- 8I WAS going to try keep this list Broadway, but I just couldn't help myself with Hunchback of Notre Dame - it deserves its place in my list! The songs are beautiful, and the story was written with the mind to introduce some darker themes to a family movie, making this something both children and adults can appreciate. There's a lot of hidden subtexts that parents will appreciate, making this so much more than just a kid's film - although don't get me wrong, children will love it too. It's hard to pick a favourite song because so many of them are so good, but if pressed I'd have to pick 'Heaven's Light/Hellfire,' half-ballad half-creepiness, it's dual-sung by Quasimodo and Frollo and nowhere else are the contrasts between good and evil more prevelant in a Disney film. The art is beautiful through the film and the characters are more complex that Walt's usual fare. True, the end result isn't nearly as dark as the source material, but what you see is a beautifully-constructed tale with plenty to make you think about.
- 9A golden-oldie, Oliver! is a classic which hasn't lost any of its appeal over the years. Even after decades after its release, it's still enjoyed by families everywhere and the songs are as iconic as they ever were. A touching tale of Oliver Twist's ascent from workhouse boy to finding his long-lost family is full of twists and obstacles. Although the musical is probably most well-known for its more up-beat tunes, it has a few darker moments too, and Bill Sykes is a genuinely unsettling character. Although many of its tunes are classics now, my personal favourites would be 'Pick a Pocket or Two' and 'Consider Yourself.' As far as I'm concerned when it comes to Oliver! The More cockney the better!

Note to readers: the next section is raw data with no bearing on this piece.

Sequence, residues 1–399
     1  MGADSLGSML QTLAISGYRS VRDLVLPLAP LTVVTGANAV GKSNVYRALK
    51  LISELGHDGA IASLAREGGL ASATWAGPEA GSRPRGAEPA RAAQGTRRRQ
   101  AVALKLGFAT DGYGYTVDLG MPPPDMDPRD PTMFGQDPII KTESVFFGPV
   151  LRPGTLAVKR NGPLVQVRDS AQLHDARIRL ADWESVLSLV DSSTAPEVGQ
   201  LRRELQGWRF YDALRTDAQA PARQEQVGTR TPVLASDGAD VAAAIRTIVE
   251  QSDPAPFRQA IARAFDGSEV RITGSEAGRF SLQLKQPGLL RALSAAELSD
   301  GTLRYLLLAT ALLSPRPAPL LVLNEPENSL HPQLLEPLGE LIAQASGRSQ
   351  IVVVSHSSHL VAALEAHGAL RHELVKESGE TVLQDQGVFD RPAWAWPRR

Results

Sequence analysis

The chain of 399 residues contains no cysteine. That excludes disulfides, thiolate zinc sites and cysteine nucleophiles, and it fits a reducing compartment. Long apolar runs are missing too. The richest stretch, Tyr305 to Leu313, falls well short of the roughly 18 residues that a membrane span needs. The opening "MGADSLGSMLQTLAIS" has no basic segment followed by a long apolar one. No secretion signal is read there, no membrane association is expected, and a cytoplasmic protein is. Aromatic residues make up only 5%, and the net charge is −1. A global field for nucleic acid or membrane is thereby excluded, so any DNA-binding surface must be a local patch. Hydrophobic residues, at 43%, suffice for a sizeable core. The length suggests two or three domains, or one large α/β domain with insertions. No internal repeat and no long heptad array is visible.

- 10Definitely NOT one if you're not already a fan of the genre, Cats relies heavily on its songs and not so much on story. In fact, very little goes on at all throughout the musical, but the songs more than make up for it. They're true Broadway tunes, big, over-the-top songs which are hard to forget once you've heard them. And not only is it a wonder to hear, but also the watch. Every song has its own complex choreography, introducing you to all the Jellical cats - and everyone has a favourite, whether it's the elegant Victoria, the fun Rum Tum Tugger or the Evil Macavity. And of course, one of the most famous songs ever from a musical, Elaine Paige's beautiful rendition of 'Memory.' A musical best seen live.
- 11Pure, unabashed fun - The Rocky Horror Show is a MUST-see live. A musical where everyone dresses up, sings and dances-along, it's full of energy and I doubt you'll only go to see it once. Not one for the close-minded, this is a musical of transvestites, sex and over-the-top campness, put to song! There's few musicals out there as fun as this one - it doesn't take itself seriously and one of its greatest assets is its cult-following and audience participation, when you go to see The Rocky Horror Show you don't go to sit and watch it, you go to join in! It's weird, it's hopelessly camp and perhaps the funniest musical you'll ever see!
- 12Now, I know a lot of people really love Grease, but I can't say it's one of my favourites. Don't get me wrong, I do like it, it's fun, it's got a great cast and fantastic songs, it just lacks a certain depth. Everyone knows the songs from Grease, from 'Summer Nights' to 'Greased Lightning,' this musicals full of well-written tunes that anyone can sing-along to. The plot's not amazing but again, it's the songs that hold the appeal. There's a decent range of variation in the songs, not only are there the up-beat, fun tunes, but also ballads which, although overshadowed by the bigger songs, are full of the cheesy campness we love in musicals!